We now use the table in Spearman’s Rho Table to find the critical value for the two-tail test where *n *= 15 and *α* = .05. Interpolating between the values for *n* = 14 and 16, we get a critical value of .525. Since the absolute value of rho is larger than the critical value, we reject the null hypothesis that there is no correlation between cigarette smoking and longevity.

Since *n* = 15 ≥ 10, we can use a t-test instead of the table. By Theorem 1 of One Sample Hypothesis Testing for Correlation, we use the test statistic

Since |*t*| = 3.29 > 2.16 = *t _{crit} *= TINV(.05,13), we again conclude that there is a significant negative correlation between the number of cigarettes smoked and longevity.

**Observation**: To conduct a one-tail test, use the table in Spearman’s Rho Table with *α* divided by 2.

**Real Statistics Excel Function**: The following function is provided in the Real Statistics Resource Pack:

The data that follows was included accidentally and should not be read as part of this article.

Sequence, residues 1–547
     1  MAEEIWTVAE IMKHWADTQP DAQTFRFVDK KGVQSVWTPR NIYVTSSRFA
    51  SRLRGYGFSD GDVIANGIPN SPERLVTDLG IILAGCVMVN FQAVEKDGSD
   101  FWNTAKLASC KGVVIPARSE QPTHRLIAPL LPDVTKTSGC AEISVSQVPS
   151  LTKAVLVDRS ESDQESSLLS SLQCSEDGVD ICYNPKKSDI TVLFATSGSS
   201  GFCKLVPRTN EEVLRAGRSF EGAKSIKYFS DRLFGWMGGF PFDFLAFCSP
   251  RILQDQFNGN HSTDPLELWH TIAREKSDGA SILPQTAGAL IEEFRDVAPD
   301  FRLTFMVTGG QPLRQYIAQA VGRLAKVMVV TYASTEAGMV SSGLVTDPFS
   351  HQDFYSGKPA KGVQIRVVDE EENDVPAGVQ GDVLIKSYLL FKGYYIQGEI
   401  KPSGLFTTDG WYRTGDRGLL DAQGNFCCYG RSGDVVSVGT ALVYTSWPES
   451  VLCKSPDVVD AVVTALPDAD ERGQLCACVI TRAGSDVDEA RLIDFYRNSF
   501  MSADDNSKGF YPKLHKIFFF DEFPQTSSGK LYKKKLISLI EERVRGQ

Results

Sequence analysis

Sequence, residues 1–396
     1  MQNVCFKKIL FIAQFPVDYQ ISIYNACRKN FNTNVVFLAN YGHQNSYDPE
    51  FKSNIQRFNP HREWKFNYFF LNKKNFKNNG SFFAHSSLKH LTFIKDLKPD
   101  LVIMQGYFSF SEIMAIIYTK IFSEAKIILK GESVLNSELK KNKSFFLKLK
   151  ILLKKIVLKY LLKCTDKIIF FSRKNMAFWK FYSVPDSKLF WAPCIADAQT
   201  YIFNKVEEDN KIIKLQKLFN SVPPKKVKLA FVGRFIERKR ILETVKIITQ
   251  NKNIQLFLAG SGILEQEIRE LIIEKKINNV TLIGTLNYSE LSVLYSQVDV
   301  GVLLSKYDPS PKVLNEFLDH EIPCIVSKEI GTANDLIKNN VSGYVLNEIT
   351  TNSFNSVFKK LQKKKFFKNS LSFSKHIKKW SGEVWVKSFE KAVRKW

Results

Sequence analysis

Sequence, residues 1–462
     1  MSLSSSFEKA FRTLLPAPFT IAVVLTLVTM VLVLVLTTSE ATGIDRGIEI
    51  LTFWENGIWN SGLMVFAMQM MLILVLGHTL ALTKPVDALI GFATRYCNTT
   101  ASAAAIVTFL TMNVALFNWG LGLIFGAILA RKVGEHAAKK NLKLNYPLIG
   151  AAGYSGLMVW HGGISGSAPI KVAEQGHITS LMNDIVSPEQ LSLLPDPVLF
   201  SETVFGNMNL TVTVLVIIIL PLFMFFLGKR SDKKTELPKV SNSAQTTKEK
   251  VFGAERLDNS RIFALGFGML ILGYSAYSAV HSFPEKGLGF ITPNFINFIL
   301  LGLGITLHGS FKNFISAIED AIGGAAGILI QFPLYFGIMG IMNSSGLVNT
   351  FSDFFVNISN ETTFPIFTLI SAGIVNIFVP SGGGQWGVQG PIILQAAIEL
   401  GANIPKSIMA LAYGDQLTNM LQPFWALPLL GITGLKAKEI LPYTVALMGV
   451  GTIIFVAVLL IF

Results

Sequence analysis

**RhoCRIT**(*n, α, t*) = the critical value of the Spearman’s rho test for samples of size *n*, for the given value of alpha, and *t* = 1 (one tail) or 2 (two tails).

Thank you so much. Life has become much easier with real-statistics.

Walid (MSc, PhD)

Hi ! I tried using the formula RhoCRIT to find a critical value for my data, but all it shows is #N/A .

I already installed the resources from the site following the step-by-step guide, so it should’ve worked.

My sample size is 275, alpha 0.05, 2 tailed. Can you use the formula to calculate it ? Thanks !

Hi Taufiq,

The RhoCRIT function is only valid for values of n between 4 and 30 (see http://www.real-statistics.com/statistics-tables/spearmans-rho-table/). For n = 275 you use the t-test as described in http://www.real-statistics.com/correlation/spearmans-rank-correlation/spearmans-rank-correlation-detailed/ (see example following Figure 4 on that webpage).